Review: The Lines We Cross by Randa Abdel-Fattah
10 hours ago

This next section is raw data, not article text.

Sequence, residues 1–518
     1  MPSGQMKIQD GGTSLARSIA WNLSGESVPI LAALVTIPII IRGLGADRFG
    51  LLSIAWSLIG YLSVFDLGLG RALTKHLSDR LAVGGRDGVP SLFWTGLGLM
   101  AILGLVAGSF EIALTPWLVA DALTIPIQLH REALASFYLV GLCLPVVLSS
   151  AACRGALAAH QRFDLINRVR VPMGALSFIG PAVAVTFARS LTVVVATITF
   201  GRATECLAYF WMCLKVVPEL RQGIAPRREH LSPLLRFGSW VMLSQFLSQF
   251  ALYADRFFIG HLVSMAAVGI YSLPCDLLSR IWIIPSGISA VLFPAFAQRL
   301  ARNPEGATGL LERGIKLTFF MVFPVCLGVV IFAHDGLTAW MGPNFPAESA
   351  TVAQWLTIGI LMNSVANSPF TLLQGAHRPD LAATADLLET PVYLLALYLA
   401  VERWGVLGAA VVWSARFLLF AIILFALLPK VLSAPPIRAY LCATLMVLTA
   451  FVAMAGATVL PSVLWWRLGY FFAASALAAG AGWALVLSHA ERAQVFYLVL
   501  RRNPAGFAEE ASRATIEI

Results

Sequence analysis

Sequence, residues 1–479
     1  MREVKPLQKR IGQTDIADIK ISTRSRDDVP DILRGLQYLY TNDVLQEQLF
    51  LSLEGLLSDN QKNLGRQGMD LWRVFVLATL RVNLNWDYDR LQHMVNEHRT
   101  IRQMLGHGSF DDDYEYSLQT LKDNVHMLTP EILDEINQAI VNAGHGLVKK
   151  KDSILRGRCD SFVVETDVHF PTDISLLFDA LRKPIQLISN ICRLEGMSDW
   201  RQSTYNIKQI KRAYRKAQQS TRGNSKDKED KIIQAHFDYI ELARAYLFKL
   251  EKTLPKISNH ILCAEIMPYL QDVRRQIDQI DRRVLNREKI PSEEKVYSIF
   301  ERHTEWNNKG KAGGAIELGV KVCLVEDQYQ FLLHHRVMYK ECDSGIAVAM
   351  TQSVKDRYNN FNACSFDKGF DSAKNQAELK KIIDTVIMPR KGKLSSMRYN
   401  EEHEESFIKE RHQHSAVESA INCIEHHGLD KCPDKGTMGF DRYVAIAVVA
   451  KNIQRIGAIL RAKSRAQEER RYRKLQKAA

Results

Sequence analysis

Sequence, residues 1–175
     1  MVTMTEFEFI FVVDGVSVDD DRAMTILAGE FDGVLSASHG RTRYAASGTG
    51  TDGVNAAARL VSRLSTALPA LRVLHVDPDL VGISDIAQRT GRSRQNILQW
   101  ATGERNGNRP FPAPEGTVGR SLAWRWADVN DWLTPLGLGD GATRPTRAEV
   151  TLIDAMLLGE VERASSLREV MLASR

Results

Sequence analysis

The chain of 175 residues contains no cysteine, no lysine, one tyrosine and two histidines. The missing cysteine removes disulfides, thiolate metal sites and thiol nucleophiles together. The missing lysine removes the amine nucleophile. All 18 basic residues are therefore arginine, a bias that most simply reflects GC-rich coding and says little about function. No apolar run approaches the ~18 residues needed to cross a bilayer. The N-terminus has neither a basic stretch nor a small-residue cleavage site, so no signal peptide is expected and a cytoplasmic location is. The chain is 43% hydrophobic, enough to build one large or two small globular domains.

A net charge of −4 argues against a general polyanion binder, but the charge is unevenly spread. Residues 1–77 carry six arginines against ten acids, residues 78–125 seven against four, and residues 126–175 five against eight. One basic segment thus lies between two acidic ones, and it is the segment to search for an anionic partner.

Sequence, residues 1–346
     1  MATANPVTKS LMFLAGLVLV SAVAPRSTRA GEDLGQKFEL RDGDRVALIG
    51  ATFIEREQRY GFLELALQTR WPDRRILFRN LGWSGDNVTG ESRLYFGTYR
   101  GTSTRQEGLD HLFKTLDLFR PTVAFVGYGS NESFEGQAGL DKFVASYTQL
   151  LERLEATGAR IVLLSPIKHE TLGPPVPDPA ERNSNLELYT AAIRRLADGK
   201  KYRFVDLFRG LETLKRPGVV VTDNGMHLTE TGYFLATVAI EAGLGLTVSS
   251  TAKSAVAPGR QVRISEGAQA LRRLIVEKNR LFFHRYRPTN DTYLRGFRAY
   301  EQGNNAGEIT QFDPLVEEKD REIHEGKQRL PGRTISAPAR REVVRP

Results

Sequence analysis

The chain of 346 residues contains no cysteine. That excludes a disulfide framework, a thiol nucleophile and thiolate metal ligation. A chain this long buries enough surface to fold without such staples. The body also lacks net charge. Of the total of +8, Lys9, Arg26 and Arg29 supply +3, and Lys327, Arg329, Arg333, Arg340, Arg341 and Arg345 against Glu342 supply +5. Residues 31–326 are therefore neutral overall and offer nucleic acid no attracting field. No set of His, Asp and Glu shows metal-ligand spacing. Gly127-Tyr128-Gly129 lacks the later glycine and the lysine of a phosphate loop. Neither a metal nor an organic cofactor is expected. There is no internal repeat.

Patricia Highsmith’s story of sexual obsession may be one of the most important, but still largely unrecognized, novels of the twentieth century. First published in 1952 under the pseudonym Claire Morgan and touted as “the novel of a love society forbids,” the book soon became a lesbian cult classic. Yet it was always relegated to a mystery subgenre and never before given the literary recognition that it is now receiving. Based on a true story plucked from Highsmith’s own life,The Price of Salt tells the riveting story of Therese Belivet, a stage designer trapped in a department store day job, whose routine is forever shattered by the appearance of Carol Aird, a customer who comes in to buy her daughter a Christmas toy. Therese begins to stalk the alluring suburban housewife, who is trapped in a marriage as stultifying as Therese’s job. They fall in love and set out across the United States, pursued by a private investigator who eventually blackmails Carol into a choice between her daughter and her lover.I was curious about how a novel written in 1952 would handle a topic that was such a taboo at that time, and I fully expected that the story would feel dated and somewhat awkward, given the time that has passed since it was written. However, the only things that dated the story were the actual details that placed it in the 1950's: the use of telephones (through an operator) and telegrams, the prices of things and amounts of money spent ($20 for a speeding ticket; $1 a day for a room in a boarding house), and the attitude of some of the characters (Carol's husband and Therese's boyfriend) towards a romantic relationship between two women as something "sordid and pathological".